One immediately feels a sense of calm from this painting, which is a far cry from some of his more aggressive artworks, where man and nature are in direct conflict. There are no bodies in peril here, nor vessels about to be dragged under and lost forever. The sky is relatively clear, and the sea is barely active. Some will immediately prefer this style of Turner, though it clearly lacks the romanticist touches of the wild scenes when out at sea. If anything, it reminds us of the artist's versatility and also how a painting can use much the same content, but give off a very different atmosphere through the different ways of depicting nature. A similar atmosphere can be found in Fighting Temeraire, which remains the artist's most famous painting of all.
This huge painting is overall two metres wide, 92 inches to be precise, and it would have taken the artist a large amount of time to complete, even before you consider all of the study drawings that he no doubt would have produced as preparation for this final piece. The main detail is added to the two vessels nearest us, whilst the harbour behind is then resplendant in visual information, capturing the town, including a church. One can only spot these details from the larger images of this painting, but to see it in person would be a huge treat for those able to get to the Yale Center for British Art. The visit would also offer original paintings from the likes of William Hogarth, Thomas Gainsborough, George Stubbs, John Constable, Joshua Reynolds and Thomas Lawrence.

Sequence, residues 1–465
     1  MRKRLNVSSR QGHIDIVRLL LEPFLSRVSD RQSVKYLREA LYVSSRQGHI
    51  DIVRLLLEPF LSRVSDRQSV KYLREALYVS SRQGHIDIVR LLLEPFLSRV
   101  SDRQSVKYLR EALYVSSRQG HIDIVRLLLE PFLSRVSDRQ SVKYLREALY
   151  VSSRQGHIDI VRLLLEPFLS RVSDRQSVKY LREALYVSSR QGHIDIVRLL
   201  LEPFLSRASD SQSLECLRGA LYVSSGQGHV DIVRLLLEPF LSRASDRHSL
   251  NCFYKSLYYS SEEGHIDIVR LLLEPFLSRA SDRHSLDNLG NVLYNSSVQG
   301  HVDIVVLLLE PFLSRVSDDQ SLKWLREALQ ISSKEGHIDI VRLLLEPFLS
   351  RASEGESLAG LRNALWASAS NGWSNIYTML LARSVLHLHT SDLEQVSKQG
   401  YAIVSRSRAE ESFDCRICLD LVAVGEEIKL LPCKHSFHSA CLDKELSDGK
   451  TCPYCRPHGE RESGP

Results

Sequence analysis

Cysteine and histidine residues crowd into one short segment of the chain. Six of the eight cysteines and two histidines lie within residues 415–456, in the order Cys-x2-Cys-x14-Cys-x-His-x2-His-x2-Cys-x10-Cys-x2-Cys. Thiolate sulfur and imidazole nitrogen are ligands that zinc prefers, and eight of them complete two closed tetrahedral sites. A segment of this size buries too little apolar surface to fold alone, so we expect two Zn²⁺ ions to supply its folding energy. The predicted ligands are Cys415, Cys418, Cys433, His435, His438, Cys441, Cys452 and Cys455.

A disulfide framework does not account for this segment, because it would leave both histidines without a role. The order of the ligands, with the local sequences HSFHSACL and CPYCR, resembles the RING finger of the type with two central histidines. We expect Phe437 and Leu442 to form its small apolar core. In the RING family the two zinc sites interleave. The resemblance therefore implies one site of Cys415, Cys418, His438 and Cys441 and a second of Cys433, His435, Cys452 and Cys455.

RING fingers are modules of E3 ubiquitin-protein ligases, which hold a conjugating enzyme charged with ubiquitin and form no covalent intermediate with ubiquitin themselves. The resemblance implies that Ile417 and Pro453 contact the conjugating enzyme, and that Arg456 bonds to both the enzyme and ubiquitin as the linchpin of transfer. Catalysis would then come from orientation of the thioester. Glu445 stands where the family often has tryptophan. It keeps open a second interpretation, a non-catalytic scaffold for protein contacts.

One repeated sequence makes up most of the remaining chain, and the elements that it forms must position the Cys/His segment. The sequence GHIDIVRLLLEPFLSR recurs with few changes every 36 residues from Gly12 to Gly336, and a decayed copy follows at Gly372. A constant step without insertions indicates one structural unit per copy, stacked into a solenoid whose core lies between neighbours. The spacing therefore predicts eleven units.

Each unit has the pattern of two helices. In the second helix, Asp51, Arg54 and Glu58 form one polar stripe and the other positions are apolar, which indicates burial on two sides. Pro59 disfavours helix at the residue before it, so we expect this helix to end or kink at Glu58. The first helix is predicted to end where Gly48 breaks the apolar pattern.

We believe the artist made a series of drawings in the late summer of the previous year, 1817, before then starting on the painting itself. The harbour is in the town of Dordrecht and is a further reminder to us of the strength of the Dutch maritime scene during this period, as well as its strong influence on Turner's work at this time. In line with most of his career, the artwork was immediately exhibited at the Royal Academy, just as soon as it was completed. It was well received by most critics of the period. Interestingly, it was also greatily admired by John Constable, who mentioned it in several items of correspondence that were uncovered at a later date.
"...I remember most of Turner's early works; amongst them one of singular intricacy and beauty; it was a canal with numerous boats making thousands of beautiful shapes, and I think the most complete work of a genius I ever saw..."